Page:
As you progress, you get to an outdoor area. The area has a roof, but has no air conditioning. Since this is Florida in June, it was crazy hot. My main critique for this experience is that it’d be better to do during one of the cooler months as you do plenty of outdoor walking for this trip. Anyway! There’s stuff on squids in the Florida’s Costal Waters, the Shark Zone (a huge tank!) that you can view from below or above, the Contact Cove (where you can touch the items like sea urchins and starfish)…and let’s take a breath! Okay, as you move along you’ll hear children remark the cutest things. There were two HUGE sharks in the biggest pool, and I heard a little girl inform her parents that, “Those are SLEEPING Sharks!” Precious! I wanted to linger more, but remember, it was hot!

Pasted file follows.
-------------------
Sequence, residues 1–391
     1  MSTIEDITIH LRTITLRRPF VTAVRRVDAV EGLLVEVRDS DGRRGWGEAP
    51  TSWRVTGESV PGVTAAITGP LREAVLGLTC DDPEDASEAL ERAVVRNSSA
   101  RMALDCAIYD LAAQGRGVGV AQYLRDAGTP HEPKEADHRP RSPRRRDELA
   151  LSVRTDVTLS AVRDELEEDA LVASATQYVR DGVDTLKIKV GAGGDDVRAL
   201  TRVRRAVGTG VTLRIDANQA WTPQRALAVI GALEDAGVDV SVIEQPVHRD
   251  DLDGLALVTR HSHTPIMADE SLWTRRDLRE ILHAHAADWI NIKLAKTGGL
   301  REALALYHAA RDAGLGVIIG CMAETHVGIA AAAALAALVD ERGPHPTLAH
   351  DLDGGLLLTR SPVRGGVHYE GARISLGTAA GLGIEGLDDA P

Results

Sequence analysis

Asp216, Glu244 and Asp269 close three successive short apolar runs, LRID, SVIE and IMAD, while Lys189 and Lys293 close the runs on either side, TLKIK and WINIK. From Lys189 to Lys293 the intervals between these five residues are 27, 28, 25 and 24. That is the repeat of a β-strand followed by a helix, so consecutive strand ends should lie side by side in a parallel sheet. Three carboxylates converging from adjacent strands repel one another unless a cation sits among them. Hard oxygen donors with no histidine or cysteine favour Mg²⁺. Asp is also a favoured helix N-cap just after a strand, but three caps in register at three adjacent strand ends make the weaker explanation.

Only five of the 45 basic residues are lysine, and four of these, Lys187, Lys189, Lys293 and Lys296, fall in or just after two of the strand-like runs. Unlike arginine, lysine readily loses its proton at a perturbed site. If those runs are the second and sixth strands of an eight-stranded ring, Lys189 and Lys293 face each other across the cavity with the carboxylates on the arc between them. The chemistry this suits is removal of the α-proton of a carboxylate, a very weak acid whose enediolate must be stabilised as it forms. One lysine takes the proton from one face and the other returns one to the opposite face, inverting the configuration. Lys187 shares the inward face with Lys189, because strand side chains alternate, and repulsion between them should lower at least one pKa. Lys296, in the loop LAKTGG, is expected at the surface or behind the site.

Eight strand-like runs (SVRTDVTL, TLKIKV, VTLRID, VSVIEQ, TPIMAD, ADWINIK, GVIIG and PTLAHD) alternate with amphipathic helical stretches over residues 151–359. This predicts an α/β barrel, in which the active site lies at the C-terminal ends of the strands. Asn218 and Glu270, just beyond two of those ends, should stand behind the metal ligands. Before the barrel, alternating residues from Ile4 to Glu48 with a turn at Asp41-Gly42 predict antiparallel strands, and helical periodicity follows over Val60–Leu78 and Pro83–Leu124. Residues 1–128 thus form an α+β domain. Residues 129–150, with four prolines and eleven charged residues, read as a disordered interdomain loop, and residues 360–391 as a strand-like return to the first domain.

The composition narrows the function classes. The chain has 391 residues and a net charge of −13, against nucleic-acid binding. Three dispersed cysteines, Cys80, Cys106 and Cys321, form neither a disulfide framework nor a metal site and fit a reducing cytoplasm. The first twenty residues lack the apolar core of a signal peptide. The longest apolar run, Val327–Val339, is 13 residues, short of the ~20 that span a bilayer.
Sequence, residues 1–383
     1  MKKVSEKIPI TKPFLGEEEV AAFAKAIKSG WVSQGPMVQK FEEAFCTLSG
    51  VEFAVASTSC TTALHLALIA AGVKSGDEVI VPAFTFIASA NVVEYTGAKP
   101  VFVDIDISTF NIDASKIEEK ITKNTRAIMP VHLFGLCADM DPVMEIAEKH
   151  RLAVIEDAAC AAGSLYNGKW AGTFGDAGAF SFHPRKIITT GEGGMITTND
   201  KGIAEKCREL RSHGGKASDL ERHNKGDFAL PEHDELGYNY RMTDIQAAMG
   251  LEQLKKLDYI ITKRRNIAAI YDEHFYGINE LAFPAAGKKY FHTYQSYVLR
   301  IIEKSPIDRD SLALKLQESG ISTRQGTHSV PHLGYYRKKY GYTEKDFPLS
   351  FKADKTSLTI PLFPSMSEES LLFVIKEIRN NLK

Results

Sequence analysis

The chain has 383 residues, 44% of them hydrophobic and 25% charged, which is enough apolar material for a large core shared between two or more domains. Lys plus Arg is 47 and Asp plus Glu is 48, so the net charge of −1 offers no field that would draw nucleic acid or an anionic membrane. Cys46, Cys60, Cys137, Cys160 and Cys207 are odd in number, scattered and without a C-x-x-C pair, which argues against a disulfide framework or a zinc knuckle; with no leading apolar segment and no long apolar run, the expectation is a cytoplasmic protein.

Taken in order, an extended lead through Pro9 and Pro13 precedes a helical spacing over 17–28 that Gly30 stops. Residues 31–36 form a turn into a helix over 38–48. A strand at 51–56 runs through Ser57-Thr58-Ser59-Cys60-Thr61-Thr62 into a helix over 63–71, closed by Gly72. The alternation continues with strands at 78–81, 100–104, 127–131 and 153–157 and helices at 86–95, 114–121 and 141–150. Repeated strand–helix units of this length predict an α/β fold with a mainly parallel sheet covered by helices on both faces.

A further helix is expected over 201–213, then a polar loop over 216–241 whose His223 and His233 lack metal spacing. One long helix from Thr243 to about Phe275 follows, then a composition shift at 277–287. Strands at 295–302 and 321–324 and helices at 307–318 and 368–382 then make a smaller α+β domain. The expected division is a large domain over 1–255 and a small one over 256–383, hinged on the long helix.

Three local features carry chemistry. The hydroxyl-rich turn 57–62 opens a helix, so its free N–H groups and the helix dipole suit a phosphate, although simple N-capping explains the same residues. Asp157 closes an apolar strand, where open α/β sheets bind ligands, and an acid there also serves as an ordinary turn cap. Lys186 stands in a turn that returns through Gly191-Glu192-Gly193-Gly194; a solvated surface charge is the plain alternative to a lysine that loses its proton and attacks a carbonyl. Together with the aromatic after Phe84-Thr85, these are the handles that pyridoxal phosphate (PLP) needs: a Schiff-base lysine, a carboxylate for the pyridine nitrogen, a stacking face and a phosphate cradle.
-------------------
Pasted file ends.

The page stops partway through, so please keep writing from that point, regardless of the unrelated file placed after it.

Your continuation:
Here are the sleeping sharks in action…sleeping! Or resting?

So we moved along in the outdoor area and saw the Ray Touch Pool, which has a couple different string rays that are safe to touch. It’s in a cute pavilion with a grass tiki-style hut roof. There’s also a guide there at all times, to instruct you and keep everyone safe. (Chidren must keep their feet on the floor as they lean!) I was a little shy at first, and the guide told me to just go for it and not hesitate. So I did get to touch some. And they felt like…well, portabella mushrooms! Ha.

That’s the Sting Ray Touch area! Reach in, the guide will make sure you’re safe!